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Magnitude of force vs length

  1. Sep 10, 2015 #1
    1. The problem statement, all variables and given/known data
    In this notes , I was told that the f2 is min when the length is the shrtest ( when f2 is prependicular to fr ... why ? Is the length represent the magnitude of the force ? the shorter the length , the smaller is the force ?

    2. Relevant equations


    3. The attempt at a solution
     

    Attached Files:

  2. jcsd
  3. Sep 10, 2015 #2
    You know reading scaled drawings?
    Force actually is a vector. Vector means any physical quantities having magnitude and direction. The solution in the picture you posted is actually a graphical method.
    It is the quantification of force scaled to a unit length that corresponds the magnitude of force, and its direction using angles with respect to a frame of reference.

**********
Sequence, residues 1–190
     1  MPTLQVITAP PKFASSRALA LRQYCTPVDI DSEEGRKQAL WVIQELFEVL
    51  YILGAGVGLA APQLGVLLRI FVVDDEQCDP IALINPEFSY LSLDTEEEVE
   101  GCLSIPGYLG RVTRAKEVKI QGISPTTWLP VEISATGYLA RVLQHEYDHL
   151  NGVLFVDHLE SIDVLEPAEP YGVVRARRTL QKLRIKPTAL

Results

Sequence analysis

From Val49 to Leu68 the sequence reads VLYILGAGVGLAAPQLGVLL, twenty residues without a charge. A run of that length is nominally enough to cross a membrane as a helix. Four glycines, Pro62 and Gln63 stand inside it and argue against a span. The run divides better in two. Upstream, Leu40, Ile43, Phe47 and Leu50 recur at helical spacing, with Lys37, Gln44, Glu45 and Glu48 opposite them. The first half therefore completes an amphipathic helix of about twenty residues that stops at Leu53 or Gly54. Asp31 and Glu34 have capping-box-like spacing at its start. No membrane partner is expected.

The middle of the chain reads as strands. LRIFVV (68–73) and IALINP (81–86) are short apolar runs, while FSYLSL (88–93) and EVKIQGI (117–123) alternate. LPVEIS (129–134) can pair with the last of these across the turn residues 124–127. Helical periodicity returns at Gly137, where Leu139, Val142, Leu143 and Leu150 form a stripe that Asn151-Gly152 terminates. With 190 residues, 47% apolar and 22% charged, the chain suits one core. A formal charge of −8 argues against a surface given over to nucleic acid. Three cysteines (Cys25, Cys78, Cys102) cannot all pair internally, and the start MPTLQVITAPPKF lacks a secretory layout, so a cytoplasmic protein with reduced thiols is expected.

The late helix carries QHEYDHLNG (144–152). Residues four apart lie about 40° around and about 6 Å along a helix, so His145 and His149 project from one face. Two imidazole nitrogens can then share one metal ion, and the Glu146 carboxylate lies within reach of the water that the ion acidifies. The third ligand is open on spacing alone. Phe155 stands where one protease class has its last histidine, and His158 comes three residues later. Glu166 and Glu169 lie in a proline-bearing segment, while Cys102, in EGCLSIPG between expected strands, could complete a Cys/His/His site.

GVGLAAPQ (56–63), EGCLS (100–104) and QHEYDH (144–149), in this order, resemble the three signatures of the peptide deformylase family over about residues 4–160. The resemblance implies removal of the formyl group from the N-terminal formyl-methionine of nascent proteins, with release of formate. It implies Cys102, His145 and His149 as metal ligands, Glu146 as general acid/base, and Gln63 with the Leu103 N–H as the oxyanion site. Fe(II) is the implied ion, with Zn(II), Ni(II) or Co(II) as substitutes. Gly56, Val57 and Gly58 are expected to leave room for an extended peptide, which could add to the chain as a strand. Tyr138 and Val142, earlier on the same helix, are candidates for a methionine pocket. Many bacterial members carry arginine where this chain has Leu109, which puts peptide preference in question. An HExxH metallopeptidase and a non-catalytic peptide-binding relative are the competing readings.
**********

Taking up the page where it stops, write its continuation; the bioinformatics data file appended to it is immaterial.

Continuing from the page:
The graphical method is just like drawing a Parallelogram. Head to tail connection of acting forces with the angles of their respective orientation. The resultant Force or the net force is just the line drawn from the tail of the origin(where the first force is drawn) to the head of the last force, which you might as well measure the angle of its orientation by using a protractor.
     
    Last edited: Sep 10, 2015
  4. Sep 10, 2015 #3
    The shorter the length, the smaller is the force?
     
  5. Sep 10, 2015 #4
    Yap, it's in a scale my dear. Say, 10 N force, when I have to plot it on the paper, I'd make it as 10 mm length, that is if my scale is 1N/mm. This is for the reason that I can easily accommodate it inside the paper size.

    You decide on the scale, whichever is convenient for you. You could either use 1N/inch or 1 N/cm. It depends on what you like.
     
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